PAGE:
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‘It’s remarkable, it’s very exciting’: Alzheimer’s Association Chapter leaders celebrate FDA approval of new treatment

Updated: Jun. 7, 2021 at 11:24 PM EDT
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COLUMBIA, S.C. (WIS) - Monday, the FDA approved Aduhelm (also known as aducanumab).

The drug is designed to slow the progression of Alzheimer’s in early and mild cases, and it’s the first treatment approved in nearly 20 years for the disease.

Clinical success in slowing the disease has been mixed, but the FDA approved the drug in order to fill an unmet medical need. There is no cure for Alzheimer’s.

The FDA will monitor the results of the treatment and there will be an ongoing clinical trial.

Alzheimer’s Association South Carolina VP of Communications and Advocacy Beth Sulkowski said the association is “entirely pleased” with the FDA’s decision.

“I’ve been working with the Alzheimer’s Association for 15 years, we’ve had nothing new hit the market in that time. To see something that is potentially a gamechanger for people in those early stages. It’s remarkable, it’s very exciting,” she said.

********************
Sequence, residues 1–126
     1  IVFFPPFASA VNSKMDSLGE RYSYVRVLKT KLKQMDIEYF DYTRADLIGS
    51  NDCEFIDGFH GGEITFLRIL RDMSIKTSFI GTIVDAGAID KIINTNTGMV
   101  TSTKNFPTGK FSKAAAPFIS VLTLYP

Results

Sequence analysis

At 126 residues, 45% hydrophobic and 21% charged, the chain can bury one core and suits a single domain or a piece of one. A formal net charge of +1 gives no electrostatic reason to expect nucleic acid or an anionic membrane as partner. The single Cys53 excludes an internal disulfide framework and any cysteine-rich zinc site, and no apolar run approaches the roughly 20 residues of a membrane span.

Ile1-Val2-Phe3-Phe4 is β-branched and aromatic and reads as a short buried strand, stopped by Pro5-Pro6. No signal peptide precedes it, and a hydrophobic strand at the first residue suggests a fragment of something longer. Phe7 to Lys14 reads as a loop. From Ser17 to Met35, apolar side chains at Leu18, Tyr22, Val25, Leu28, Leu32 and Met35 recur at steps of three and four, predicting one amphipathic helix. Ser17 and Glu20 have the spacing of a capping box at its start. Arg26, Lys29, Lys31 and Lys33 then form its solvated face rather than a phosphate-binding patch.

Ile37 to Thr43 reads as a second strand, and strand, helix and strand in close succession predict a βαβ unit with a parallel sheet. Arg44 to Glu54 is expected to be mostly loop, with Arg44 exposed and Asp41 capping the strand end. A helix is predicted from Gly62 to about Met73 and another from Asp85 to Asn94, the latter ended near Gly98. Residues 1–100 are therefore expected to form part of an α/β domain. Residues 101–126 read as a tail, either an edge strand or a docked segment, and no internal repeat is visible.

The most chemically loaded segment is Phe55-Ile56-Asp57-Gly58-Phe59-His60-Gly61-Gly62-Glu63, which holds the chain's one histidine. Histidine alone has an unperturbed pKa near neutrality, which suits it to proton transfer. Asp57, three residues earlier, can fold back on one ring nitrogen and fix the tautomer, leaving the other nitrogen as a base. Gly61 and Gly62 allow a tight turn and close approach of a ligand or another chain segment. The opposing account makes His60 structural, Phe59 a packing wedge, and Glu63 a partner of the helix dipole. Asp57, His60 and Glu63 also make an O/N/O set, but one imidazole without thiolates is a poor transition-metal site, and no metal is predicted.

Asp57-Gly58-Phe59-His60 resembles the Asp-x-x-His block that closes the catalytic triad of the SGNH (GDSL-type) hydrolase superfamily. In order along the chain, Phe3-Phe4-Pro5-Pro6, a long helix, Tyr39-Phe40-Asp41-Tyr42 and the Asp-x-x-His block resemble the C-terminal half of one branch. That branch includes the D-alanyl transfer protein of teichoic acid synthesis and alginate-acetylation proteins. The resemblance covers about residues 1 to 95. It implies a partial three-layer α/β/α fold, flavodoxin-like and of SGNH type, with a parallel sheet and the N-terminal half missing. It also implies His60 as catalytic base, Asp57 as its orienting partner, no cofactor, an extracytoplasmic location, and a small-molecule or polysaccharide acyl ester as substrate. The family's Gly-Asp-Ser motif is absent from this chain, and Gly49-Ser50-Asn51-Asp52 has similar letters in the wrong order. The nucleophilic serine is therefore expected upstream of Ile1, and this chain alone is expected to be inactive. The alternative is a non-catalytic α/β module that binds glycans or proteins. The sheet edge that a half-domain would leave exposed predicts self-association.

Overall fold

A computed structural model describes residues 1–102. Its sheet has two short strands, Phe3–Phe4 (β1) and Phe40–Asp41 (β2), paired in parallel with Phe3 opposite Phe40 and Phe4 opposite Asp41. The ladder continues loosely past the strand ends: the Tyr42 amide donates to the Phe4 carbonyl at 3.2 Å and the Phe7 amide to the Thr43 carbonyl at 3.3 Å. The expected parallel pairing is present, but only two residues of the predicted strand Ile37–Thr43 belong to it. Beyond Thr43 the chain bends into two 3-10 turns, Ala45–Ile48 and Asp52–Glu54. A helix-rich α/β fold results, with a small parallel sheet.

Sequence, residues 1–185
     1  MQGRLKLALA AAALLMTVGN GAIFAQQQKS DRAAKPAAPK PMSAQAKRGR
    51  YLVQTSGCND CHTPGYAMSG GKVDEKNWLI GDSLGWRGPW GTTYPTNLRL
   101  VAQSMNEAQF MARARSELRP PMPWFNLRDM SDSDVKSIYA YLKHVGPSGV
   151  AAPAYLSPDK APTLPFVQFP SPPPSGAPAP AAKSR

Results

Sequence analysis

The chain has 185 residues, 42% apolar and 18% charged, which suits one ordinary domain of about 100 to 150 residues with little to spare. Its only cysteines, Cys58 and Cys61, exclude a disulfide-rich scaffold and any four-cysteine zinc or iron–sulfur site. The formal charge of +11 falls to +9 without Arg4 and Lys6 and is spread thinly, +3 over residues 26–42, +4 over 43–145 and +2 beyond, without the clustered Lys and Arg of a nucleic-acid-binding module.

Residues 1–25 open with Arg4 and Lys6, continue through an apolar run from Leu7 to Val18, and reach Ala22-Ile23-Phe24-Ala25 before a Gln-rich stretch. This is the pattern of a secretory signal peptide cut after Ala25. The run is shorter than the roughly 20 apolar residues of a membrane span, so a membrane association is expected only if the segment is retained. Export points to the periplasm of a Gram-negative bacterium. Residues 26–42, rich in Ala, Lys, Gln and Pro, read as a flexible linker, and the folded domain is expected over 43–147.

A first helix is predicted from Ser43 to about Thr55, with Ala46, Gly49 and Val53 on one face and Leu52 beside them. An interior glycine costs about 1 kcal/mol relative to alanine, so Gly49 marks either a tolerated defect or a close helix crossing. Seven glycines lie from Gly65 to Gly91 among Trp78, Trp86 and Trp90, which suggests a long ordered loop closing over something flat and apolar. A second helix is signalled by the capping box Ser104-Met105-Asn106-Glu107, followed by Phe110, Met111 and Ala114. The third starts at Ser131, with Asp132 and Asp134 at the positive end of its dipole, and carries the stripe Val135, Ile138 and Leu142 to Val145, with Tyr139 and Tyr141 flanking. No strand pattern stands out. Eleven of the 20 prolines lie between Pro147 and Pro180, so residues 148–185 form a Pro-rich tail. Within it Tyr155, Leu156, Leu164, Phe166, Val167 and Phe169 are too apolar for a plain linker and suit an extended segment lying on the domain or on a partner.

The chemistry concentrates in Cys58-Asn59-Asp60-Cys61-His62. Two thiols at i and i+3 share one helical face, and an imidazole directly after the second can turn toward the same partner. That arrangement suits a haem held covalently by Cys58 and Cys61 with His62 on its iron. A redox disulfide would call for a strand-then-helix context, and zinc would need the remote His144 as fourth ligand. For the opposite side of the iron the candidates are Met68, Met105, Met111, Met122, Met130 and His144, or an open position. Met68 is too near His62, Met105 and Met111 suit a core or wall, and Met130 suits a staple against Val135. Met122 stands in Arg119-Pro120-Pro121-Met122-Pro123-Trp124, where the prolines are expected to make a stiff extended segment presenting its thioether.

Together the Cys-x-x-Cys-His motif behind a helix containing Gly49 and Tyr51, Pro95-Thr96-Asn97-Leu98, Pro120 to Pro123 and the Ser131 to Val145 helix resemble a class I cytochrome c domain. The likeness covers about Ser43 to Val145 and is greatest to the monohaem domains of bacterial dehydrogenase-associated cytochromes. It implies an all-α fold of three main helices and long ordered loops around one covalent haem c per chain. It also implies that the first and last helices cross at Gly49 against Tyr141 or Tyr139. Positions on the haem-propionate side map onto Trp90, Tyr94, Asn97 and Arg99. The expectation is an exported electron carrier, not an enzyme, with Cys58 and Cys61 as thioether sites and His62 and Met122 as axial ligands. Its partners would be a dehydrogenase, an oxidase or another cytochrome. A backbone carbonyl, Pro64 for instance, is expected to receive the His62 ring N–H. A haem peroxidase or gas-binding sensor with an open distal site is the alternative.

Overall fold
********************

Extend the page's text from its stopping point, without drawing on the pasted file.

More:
Association data shows that as of January 2021, 106,223 South Carolinians were living with the disease.

6,375 of them were living in Richland County.

The disease took a toll on the state over the last year, with CDC data showing 1,093 excess deaths (more than statistically expected) since Feb. 2020.

When pressed on the issue of mixed clinical results, Sulkowski stressed the benefits outweigh the risks.

“There is really compelling data from the existing clinical trials to show that for the first time, functional decline is measurably slowed, and that again is a hope that we have never had before,” she said.

She said the association supports the ongoing studies and research.

The association puts on the Walk to End Alzheimer’s to help fund research on Alzheimer’s.

RELATED STORY | This year’s Walk to End Alzheimer’s in Columbia moves to sidewalks and trails

Director of Development for Alzheimer’s Association Midlands Alexis Watts said she’s organized the walk for the last eight years and said it’s good to see her faith rewarded.

She said she lost her grandmother to the disease in 2001.

“I hope that 20 years from now, I’ll be old enough to tell my children that Alzheimer’s Disease is not something they’ll have to worry about with me,” she said.

Sulkowski said patients interested in the treatment should ask their doctors about the treatment soon to get access.

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